leads the largest asset manager in the world, and he has used that spot to gain a big microphone when it comes to the world of economics, finance, and even public policy. The BlackRock
] chief can be a lightning rod in a way that few others in the mutual fund and broader asset management businesses could ever dream of rivaling.
He's taken up that lightning rod mantle yet again. Last week Fink wrote a letter to the CEOs of companies in the S&P 500 Index
, a letter they would reportedly receive yesterday. [Business Insider posted the full text of the letter
.] He calls on his fellow CEOs to fight back against short-termism, against those activist shareholders and others who focus on quarterly earnings and boosting share buybacks and dividends right now while sacrificing longer-term gains.
Andrew Ross Sorkin of the New York Times reported
on the letter Monday night, and Reuters
and a host of others followed suit.
In terms of specific ideas, Fink called for a change in the U.S. tax code. He wants the definition of "long-term investments" to be be redefined as being held for at least three years, from the current one-year definition, to thus expand the scope of short-term investments that are counted as short-term for tax purposes and thus taxed at regular income tax rates rather than capital gains rates (typically lower) used for long-term investments.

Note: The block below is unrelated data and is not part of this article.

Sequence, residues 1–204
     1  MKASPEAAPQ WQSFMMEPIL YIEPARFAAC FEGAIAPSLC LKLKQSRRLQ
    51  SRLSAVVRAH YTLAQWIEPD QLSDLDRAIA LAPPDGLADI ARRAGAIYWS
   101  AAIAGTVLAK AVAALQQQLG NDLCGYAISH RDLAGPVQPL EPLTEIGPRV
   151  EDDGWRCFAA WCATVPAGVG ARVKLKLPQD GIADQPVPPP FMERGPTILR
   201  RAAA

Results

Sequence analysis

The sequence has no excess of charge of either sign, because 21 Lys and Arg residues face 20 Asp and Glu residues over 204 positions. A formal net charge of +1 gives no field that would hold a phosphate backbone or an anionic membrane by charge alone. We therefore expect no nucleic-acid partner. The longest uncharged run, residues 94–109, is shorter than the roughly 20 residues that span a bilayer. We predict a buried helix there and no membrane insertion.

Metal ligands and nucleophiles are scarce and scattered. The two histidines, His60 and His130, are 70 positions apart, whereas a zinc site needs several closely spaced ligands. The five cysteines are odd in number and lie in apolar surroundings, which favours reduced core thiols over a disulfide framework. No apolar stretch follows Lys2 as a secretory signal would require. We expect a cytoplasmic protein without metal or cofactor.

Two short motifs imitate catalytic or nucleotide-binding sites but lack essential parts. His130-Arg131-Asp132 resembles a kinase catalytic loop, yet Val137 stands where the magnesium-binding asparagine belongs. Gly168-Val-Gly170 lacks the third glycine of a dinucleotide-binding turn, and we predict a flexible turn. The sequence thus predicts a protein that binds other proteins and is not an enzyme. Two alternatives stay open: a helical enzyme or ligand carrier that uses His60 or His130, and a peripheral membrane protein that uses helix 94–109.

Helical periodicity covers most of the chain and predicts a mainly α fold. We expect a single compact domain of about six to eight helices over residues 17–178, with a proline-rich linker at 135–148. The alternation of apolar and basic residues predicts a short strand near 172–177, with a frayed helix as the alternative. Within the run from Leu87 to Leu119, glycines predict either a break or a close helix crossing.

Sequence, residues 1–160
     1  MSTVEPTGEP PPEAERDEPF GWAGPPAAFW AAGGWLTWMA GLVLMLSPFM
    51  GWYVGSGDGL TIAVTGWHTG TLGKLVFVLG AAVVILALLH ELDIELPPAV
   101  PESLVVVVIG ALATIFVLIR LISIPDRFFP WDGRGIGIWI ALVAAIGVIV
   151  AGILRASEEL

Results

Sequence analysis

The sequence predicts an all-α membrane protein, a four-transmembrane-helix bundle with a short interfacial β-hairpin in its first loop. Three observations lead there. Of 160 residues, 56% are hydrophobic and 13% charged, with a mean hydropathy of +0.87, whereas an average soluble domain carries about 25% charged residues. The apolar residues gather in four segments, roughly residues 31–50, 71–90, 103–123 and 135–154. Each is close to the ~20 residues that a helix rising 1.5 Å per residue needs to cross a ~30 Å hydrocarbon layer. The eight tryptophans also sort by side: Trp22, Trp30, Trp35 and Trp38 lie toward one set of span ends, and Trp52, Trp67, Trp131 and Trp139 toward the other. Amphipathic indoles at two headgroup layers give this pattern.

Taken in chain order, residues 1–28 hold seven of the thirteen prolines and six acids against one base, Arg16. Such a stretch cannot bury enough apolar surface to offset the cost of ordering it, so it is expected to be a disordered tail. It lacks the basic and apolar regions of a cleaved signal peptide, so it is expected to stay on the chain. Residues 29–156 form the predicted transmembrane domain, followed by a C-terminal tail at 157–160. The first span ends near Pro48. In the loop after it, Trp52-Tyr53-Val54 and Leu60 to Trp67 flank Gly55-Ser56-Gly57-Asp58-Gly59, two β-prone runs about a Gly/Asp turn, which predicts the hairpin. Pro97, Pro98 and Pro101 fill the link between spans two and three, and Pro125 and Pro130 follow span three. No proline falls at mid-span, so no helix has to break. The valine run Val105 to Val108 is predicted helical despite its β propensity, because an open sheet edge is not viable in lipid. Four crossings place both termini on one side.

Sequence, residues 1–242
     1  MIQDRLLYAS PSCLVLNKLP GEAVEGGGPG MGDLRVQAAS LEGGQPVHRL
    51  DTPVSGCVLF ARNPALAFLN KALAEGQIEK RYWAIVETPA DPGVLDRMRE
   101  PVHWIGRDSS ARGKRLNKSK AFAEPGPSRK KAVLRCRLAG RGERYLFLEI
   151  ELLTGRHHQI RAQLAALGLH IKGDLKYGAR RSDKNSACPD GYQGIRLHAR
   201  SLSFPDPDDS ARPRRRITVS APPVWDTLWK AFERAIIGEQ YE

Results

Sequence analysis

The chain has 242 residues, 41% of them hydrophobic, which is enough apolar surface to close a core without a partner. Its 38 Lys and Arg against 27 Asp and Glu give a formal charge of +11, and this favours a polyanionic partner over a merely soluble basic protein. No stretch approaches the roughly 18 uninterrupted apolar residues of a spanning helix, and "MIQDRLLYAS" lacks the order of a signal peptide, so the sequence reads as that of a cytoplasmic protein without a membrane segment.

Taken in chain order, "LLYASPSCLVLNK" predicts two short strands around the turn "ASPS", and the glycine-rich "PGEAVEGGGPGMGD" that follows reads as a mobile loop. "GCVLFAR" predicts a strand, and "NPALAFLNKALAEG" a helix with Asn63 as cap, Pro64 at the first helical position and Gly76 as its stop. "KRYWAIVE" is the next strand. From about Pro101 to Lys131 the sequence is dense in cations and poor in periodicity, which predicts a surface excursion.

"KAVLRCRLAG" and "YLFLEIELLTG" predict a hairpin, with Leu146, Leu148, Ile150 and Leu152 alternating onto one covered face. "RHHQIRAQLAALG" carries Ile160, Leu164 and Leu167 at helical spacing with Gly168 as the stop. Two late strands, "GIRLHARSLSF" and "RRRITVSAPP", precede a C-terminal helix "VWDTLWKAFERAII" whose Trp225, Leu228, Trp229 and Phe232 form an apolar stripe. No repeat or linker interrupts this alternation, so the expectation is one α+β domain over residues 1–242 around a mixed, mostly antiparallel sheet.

Fink tells the Times
that he sees investors as living in a "gambling society," and in his letter he lays out a forceful attack activist investors he sees as being too short-term in their outlook:
... [C]orporate leaders' duty of care and loyalty is not to every investor or trader who owns their companies' shares at any moment in time, but to the company and its long-term owners. Successfully fulfilling that duty requires that corporate leaders engage with a company's long-term providers of capital; that they resist the pressure of short-term shareholders to extract value from the company if it would compromise value creation for long-term owners; and, most importantly, that they clearly and effectively articulate their strategy for sustainable long-term growth.
The debate over Fink's words and tax reform proposal (which the Times
sees as having "a low probability of ever happening") is spreading. Haverford Trust Co chief investment officer Hank Smith
defends activist investors, singing praises (to Reuters
) of Nelson Peltz
of Trian Fund Management
(the biggest shareholder of Legg Mason) as "a positive influence" and insisting that today's activist investors "are not going into this slash and burn."
On the flip side, star bond fund PM and Loomis Sayles
] vice chairman Dan Fuss
comes down on Fink's side, telling Reuters
that "there's too much catering to quarterly earnings engineering slash activist shareholders."
Neil Anderson, Managing Editor
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